Public believe banks have yet to atone for the past.

It is just over a decade since the ‘bailout’ of the Irish banking sector began in earnest in March 2009.  Even now over a billion euro of public funds is required to service the annual cost of bank recapitalisation and subsequent public sector borrowings. For thousands of individuals the fallout from the financial crisis has included spiralling debt, court appearances, broken relationships, and worse.  And of course the political consequences of the crisis are still unfolding. The Dáil is one of the one of the most fragmented parliamentary chambers in Europe with a large number of independent members, including some in government.

The issue of pay and bonuses within those banks that received state assistance after the 2008 crash has recently re-emerged in the public arena.  The outgoing Governor of the Central Bank of Ireland recently told Minister for Finance Paschal Donohoe that that institution was now open to the idea of removing barriers to bonus awards within Irish banks introduced following the financial crisis.  Several banks have been pushing for relaxation of what they consider to be commercially damaging restrictions for some time, expressing particular concern about staff retention and capacity to compete for recruitment of top executives from within as well as from outside the banking sector. British bank relocations arising from Brexit are also now invoked as part of the argument to facilitate higher remuneration by way of bonuses, even if a core pay cap of half a million euros remains in place for some banks.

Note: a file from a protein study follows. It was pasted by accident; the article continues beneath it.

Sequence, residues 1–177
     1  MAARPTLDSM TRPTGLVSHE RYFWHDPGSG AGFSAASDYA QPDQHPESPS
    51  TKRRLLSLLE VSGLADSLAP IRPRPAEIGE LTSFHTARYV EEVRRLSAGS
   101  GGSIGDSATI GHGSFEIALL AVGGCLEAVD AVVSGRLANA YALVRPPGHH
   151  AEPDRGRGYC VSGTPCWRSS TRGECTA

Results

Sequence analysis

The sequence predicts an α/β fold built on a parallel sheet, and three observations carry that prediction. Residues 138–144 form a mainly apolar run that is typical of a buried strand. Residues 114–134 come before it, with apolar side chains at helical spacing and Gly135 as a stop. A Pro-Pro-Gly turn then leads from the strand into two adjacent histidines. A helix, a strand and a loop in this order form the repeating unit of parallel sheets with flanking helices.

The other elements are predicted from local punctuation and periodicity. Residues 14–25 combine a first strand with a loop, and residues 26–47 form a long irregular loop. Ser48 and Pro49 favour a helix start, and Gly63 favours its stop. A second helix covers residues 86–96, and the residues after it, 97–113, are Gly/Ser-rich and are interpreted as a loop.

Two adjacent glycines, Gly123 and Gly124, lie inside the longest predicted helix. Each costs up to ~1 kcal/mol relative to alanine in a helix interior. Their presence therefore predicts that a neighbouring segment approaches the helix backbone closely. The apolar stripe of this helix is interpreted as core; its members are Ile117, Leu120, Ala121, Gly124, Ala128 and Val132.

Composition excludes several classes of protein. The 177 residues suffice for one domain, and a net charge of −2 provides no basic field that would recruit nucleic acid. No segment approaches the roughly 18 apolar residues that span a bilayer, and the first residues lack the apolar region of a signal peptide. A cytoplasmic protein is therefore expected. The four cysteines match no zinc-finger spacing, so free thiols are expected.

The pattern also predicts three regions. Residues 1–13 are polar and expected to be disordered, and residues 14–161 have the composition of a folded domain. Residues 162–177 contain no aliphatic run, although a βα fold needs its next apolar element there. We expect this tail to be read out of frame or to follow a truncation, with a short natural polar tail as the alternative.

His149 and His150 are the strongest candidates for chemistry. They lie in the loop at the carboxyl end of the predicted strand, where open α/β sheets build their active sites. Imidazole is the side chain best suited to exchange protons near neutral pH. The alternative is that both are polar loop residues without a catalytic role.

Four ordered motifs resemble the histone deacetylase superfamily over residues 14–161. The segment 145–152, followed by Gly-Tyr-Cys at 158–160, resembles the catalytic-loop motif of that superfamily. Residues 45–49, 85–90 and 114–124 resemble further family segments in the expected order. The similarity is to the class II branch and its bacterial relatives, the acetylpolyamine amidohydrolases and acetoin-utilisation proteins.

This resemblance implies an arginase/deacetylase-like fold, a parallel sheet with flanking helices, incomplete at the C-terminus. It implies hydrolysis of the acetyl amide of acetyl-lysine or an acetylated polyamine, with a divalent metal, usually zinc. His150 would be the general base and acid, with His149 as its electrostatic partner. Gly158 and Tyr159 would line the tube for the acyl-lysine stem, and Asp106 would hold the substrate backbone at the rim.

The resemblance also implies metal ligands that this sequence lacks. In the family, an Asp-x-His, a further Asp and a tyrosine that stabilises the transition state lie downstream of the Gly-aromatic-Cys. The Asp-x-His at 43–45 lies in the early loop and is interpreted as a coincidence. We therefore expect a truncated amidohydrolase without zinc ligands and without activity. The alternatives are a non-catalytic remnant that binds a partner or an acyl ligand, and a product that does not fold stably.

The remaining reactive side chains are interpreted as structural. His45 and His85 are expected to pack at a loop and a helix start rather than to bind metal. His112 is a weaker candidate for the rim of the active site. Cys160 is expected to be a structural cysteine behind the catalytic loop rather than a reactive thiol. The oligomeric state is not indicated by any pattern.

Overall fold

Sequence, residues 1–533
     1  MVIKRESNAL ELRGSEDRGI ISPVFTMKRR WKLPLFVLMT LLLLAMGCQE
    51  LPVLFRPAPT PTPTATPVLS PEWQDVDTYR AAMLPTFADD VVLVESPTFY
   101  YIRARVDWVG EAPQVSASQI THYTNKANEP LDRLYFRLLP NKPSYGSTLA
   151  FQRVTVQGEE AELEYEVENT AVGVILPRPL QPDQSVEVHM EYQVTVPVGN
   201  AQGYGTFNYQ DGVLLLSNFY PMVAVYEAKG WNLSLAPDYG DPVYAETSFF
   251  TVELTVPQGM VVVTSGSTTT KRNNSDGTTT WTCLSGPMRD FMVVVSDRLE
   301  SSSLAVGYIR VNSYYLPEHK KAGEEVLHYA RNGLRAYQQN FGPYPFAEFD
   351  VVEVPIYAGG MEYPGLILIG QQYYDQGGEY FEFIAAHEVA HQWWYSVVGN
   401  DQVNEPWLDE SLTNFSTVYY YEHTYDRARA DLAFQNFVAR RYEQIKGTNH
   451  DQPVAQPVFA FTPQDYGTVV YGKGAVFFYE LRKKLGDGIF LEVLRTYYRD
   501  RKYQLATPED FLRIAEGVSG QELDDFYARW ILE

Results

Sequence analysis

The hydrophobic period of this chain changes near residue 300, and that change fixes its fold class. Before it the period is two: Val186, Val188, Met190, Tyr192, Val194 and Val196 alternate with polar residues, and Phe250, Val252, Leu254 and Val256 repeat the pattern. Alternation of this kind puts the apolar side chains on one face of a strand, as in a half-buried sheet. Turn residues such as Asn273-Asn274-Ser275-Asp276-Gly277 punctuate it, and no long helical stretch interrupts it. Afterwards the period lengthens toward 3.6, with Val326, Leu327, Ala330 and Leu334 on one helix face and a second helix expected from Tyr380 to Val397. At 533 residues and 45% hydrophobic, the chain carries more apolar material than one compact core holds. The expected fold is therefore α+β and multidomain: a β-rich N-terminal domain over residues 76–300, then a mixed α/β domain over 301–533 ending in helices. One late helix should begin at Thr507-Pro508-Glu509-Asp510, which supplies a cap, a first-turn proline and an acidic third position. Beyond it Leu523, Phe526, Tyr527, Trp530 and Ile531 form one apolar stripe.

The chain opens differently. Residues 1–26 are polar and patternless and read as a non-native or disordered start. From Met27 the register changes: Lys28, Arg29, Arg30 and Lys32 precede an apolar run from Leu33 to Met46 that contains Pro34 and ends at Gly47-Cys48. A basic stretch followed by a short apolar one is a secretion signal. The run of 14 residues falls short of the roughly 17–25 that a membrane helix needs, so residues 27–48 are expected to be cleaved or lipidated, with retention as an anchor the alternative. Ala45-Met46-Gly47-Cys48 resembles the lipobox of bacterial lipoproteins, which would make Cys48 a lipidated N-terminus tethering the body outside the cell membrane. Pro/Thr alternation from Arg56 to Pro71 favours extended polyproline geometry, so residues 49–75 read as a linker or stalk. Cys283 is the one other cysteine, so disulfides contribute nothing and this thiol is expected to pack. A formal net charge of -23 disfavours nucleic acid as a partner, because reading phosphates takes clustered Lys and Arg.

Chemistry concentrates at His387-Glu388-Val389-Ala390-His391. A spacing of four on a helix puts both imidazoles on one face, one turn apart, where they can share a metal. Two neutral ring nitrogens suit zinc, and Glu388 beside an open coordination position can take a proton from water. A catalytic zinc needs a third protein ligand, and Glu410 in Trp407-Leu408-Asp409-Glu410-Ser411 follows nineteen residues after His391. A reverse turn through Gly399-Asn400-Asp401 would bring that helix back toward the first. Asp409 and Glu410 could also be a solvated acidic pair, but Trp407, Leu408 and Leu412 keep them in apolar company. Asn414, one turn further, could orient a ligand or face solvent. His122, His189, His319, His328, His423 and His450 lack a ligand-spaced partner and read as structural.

Unsurprisingly, public attitudes to the banking sector in Ireland since 2008 reflect very high levels of distrust and cynicism. A report by the Central Bank of Ireland last year strongly criticised the failure of the banks’ to address this.  However, the recent launch of the Irish Banking Culture Board (IBCB), funded by the five main retail banks, suggests the industry may be finally awakening to its responsibilities. For its part the government is seeking to introduce legislation to make senior bankers more directly accountable for their actions.

Questions have been raised about the independence of the IBCB given it is funded by the banks, and also its governance model which is very representative of the industry. However the Board is not the first industry-sponsored body in Ireland. The Press Council of Ireland was created in 2007 under government pressure for newspapers to self-regulate or else face statutory regulation.  Its autonomy and authority have not been fundamentally challenged in the years since.

Choosing to put ‘culture’ in the title is an unusual step. The nomenclature raises obvious questions, including how to determine what is the existing culture, can it be changed and how, and who will determine such change? And is the Board itself to exist in perpetuity or is there a sunset provision for its cessation?

Modern day financial institutions operate in a number of different cultural contexts. As well as their individual market brands and proposed ethos (banks sought to differentiate themselves from competitors during the Oireachtas banking inquiry), each will have their own internal organisational cultures and values that may be difficult for outsiders to understand let alone change. And there is a wider European and international banking cultural context within which Irish banks must operate, a point they have been keen to emphasise in recent discussions over CEO remuneration and bonuses.